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HighPoint RocketRAID 1742 in CentOS 5.2

After having a bit of a fight with CentOS and its broken Realtek 8169 driver (called r8169 and which also claims Realtek 8168 devices but screw up when detecting the link status) I finally got to play with a RocketRAID 1742 controller from HighPoint. Where Promise dropped the ball with supporting hardware RAID on linux (basically you get 2 or 4 extra SATA ports but the RAID controller plays dead), HighPoint promised us true RAID under linux without any wonky software drivers.

Note that the RPM package for the DKMS rr174x driver is attached on the next page.

After installing CentOS 5.2 x86_64 on a seperate SATA drive (to spare me the hassle of figuring out how to install on a RAID drive which is not supported by default), I was not surprised to see that the 2 Maxtor drives (500GB each) where not detected by Linux. The last time somebody told me they had ‘true’ RAID support, I saw the drives themselves which should have been in a RAID setup (when you see /dev/sda and /dev/sdb and the drives should be in mirror mode, you know you are in trouble).

On the HighPoint site you can find the driver disk for CentOS 5 (as it in fact is Redhat Enterprise 5), the clients (CLI, GUI and web based) and the source package. One thing missing (in my opinion) is the binary drivers themselves in a download. Sure, you can extract them from the floppy image (by mounting the image, finding the driver archive, piping it though cpio etcetcetc) but it is a lot of work just to get a 100kb driver from a binary image file.

When you install gcc and kernel-devel you can compile your own driver. Even though the compiler produces a lot of warnings, it completes without any problems and the custom compiled driver is at your disposal faster than you can extract it from that darn floppy image.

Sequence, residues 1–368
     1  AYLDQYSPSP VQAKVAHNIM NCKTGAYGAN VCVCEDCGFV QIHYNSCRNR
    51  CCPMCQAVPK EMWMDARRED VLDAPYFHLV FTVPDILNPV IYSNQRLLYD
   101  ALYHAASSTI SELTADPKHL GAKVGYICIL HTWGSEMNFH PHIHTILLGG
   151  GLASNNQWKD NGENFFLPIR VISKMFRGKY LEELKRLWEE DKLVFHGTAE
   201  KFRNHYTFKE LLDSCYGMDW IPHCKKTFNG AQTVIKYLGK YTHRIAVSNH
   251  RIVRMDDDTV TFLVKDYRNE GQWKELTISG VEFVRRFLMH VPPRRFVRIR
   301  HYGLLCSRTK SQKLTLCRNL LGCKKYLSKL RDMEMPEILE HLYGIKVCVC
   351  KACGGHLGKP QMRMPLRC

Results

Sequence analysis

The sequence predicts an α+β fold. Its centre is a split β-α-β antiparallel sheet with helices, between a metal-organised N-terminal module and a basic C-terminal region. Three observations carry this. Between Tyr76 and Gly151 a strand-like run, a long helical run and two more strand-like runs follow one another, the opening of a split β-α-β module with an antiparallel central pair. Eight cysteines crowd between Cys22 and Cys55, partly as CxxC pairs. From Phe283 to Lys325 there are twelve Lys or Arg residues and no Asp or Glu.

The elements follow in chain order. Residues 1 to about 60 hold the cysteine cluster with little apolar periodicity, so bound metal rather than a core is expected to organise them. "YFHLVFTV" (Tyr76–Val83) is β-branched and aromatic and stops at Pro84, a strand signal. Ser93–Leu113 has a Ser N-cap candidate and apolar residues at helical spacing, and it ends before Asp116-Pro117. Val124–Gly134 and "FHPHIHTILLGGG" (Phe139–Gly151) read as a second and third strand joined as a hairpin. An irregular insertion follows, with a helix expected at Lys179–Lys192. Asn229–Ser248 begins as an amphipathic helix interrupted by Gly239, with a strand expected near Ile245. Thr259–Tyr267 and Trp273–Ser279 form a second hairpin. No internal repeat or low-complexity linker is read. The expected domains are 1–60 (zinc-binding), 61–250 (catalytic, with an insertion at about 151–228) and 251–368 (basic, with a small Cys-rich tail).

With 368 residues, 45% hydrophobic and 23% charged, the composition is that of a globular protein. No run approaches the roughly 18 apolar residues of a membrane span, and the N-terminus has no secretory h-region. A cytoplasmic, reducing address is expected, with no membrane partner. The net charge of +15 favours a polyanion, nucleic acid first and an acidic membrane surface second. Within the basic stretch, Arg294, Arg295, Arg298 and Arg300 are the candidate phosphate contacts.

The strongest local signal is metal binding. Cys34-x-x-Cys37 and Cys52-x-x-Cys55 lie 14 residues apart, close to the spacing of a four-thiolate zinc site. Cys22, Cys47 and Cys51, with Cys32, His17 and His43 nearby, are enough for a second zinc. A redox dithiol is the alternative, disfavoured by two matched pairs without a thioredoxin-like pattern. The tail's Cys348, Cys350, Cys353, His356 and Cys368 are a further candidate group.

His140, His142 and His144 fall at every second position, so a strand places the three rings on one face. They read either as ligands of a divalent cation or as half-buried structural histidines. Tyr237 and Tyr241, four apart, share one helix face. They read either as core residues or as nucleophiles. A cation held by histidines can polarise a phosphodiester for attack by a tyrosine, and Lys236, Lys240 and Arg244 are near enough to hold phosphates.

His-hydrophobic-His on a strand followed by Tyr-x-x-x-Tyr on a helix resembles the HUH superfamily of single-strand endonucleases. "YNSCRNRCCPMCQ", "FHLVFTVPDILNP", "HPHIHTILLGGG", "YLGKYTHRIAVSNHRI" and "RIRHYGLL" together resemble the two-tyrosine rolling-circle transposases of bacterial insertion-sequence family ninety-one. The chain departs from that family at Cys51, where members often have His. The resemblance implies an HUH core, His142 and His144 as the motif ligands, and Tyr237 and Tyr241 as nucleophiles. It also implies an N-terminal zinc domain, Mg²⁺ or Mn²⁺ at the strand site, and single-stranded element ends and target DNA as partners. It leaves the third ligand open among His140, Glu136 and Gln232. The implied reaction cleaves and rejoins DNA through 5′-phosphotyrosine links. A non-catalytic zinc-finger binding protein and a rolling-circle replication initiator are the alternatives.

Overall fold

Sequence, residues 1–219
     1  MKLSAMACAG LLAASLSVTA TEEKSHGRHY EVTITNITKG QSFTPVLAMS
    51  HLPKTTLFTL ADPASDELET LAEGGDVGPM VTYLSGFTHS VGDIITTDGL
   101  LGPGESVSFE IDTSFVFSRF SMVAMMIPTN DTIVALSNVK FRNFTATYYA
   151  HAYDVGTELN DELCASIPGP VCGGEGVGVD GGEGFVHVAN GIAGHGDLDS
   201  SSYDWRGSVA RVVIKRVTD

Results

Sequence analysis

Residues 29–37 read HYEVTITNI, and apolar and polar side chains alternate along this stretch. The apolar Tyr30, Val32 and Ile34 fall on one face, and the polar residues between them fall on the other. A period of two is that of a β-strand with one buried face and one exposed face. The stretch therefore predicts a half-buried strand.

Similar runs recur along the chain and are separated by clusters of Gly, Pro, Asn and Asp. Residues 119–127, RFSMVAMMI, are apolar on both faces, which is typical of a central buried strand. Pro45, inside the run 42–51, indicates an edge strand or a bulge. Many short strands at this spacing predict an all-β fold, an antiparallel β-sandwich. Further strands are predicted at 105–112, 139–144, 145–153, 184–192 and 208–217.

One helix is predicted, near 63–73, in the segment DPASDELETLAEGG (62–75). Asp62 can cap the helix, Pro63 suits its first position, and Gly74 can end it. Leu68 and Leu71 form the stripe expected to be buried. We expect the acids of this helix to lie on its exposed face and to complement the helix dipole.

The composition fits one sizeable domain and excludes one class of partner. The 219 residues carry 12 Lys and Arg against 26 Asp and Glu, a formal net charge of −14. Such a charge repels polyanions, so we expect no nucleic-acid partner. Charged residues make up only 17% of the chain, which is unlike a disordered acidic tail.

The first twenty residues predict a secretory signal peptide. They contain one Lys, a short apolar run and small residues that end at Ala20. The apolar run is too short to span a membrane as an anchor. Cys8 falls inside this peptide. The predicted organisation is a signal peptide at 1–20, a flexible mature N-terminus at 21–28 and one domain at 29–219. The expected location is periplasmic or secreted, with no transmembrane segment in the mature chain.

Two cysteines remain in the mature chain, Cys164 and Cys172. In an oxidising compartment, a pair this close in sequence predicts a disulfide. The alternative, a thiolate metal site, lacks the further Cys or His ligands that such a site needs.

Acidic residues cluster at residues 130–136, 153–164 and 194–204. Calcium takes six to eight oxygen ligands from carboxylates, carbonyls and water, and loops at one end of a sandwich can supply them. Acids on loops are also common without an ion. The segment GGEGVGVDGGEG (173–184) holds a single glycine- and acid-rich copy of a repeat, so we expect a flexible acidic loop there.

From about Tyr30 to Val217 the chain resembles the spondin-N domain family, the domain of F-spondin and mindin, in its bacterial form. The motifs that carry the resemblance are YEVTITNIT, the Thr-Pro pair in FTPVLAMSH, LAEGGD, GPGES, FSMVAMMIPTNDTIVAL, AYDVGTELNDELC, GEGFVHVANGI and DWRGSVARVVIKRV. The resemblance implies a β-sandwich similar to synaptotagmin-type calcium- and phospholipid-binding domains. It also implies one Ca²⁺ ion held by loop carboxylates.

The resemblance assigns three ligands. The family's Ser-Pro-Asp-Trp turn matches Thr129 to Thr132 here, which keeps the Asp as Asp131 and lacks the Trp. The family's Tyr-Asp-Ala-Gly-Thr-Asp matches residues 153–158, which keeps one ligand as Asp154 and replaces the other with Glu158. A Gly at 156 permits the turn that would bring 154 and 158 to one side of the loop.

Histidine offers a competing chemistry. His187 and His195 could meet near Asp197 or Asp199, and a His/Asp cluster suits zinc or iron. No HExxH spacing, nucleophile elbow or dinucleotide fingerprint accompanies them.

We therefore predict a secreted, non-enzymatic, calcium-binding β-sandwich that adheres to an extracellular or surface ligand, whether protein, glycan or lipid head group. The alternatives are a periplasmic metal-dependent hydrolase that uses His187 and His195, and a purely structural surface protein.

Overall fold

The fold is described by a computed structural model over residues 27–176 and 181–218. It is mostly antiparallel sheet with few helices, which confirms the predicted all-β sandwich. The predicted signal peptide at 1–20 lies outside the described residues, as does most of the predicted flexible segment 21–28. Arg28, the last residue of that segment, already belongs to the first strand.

After insmod-ing the rr174x.ko driver into the kernel, I noticed it took forever to load and dmesg was not so happy as well:

rr174x:RocketRAID 174x controller driver v2.1.08.0710 (Jan  3 2009 03:59:59)
rr174x:adapter at PCI 3:7:0, IRQ 225
rr174x:start channel [0,0]
rr174x:start channel [0,1]
rr174x:start channel [0,2]
rr174x:start channel [0,3]
rr174x:[0 1] Start channel soft reset.
rr174x:[0 2] Start channel soft reset.
rr174x:channel [0,1] started successfully
rr174x:channel [0,2] started successfully
rr174x:[0 0] Failed to perform channel hard reset.
rr174x:[0 3] Failed to perform channel hard reset.
scsi14 : rr174x
  Vendor: HPT       Model: DISK_14_0         Rev: 4.00
  Type:   Direct-Access                      ANSI SCSI revision: 05
SCSI device sdb: 976617472 512-byte hdwr sectors (500028 MB)
sdb: Write Protect is off
sdb: Mode Sense: 2f 00 00 00
SCSI device sdb: drive cache: write through
SCSI device sdb: 976617472 512-byte hdwr sectors (500028 MB)
sdb: Write Protect is off
sdb: Mode Sense: 2f 00 00 00
SCSI device sdb: drive cache: write through
 sdb:rr174x:hpt_reset(14/0/0)
rr174x:start channel [0,2]
rr174x:channel [0,2] started successfully
rr174x:start channel [0,2]
rr174x:channel [0,2] started successfully
rr174x:start channel [0,1]
rr174x:channel [0,1] started successfully
rr174x:start channel [0,1]
rr174x:channel [0,1] started successfully
rr174x:hpt_reset(14/0/0)
rr174x:start channel [0,2]
rr174x:channel [0,2] started successfully
rr174x:start channel [0,2]
rr174x:channel [0,2] started successfully
rr174x:start channel [0,1]
rr174x:channel [0,1] started successfully
rr174x:start channel [0,1]
rr174x:channel [0,1] started successfully
rr174x:hpt_reset(14/0/0)
rr174x:start channel [0,2]
rr174x:channel [0,2] started successfully
rr174x:[0 2 0] too many resets - make drive offline.